Volcanic activity over the reporting period has remained relatively low. The only noticeable change has been a swarm of VT earthquakes which occurred overnight.
Over the reporting period 63 rockfalls, 29 VT earthquakes, 1 hybrid earthquake, 8 long-period earthquakes, 3 of which caused rockfalls, triggered the broadband seismic network. A swarm of VT earthquakes started at 2229 2/9/97 and ended at 0124 3/9/97 and consisted of 24 events. These earthquakes were generally small although some larger events occurred. The larger events were located in the area of the crater at depths between 3.5-4.0 km below the top of the dome. Preliminary analysis of seismic amplitude data suggests that the rockfall activity has an approximate 16 hour period.
Visibility has remained poor today due to the low cloud, so no visual observations of the dome were possible.
The size of the dome coupled with the high extrusion rate suggests that a large collapse could occur at any time in the near future, possibly without warning. Both Mosquito Ghaut and the Upper Gages Valley have been filled by pyroclastic flow deposits, so topography will not have the same constraint on subsequent flows. This makes it increasingly likely that any large flows will find their way into the Belham Valley and, if large enough, travel all the way to the sea. In turn this will make it easier for other flows travel in this direction.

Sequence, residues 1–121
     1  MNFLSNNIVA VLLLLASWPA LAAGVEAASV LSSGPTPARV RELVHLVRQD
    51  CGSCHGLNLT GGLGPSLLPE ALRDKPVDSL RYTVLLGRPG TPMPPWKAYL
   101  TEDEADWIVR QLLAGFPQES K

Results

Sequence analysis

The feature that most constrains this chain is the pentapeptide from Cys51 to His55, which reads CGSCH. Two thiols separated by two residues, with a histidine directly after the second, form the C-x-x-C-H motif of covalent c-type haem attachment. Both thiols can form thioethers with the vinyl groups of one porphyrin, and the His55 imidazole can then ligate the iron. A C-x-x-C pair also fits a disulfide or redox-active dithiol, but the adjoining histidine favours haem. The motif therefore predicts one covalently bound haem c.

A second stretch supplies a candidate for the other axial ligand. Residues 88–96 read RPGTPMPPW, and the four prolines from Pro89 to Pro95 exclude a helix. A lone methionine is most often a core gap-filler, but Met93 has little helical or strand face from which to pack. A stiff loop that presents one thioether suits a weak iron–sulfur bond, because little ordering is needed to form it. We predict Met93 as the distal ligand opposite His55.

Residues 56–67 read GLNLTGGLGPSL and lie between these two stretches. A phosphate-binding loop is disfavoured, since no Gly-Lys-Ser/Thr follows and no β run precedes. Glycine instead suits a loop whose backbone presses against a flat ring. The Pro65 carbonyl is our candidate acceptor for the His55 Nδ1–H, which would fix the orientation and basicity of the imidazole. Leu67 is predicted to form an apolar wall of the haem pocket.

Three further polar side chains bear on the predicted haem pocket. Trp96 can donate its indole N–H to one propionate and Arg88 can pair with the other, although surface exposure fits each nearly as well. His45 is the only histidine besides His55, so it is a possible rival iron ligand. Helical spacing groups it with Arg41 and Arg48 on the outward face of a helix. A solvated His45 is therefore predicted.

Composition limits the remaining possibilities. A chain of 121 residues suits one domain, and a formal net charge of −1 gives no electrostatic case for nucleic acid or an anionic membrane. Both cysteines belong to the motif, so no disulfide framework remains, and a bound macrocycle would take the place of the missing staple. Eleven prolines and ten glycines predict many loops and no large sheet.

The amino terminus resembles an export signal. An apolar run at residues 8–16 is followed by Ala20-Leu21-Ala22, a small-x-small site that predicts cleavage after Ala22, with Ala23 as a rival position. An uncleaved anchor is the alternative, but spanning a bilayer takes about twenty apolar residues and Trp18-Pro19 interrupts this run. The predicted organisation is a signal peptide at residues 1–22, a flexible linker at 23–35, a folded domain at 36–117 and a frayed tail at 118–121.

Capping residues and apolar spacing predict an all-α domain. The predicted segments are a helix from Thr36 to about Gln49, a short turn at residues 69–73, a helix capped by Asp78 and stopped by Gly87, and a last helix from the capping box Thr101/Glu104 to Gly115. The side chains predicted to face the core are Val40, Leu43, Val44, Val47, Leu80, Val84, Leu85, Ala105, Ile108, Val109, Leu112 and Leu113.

Pyroclastic flows may occur on any of the flanks of the volcano and the southern part of Montserrat remains extremely dangerous. Collapse of material from the dome may lead to further explosions and these may be more intense and longer lived than before. Explosions are also possible without much warning. If an explosion does occur, small rocks and ash can fall anywhere on the island. The central zone should be evacuated immediately, and people in the northern zone should seek shelter under a strong roof as soon as possible. Helmets or other head protection should be used and it should be remembered that ash and falling rocks make driving hazardous. After ash has fallen it will remain present in the atmosphere for some time and dust masks should be worn outdoors. People should remain vigilant and to listen to Radio Montserrat.
Thomas Christopher left Montserrat today for the University of the West Indies in Jamaica, where he will be studying Geology.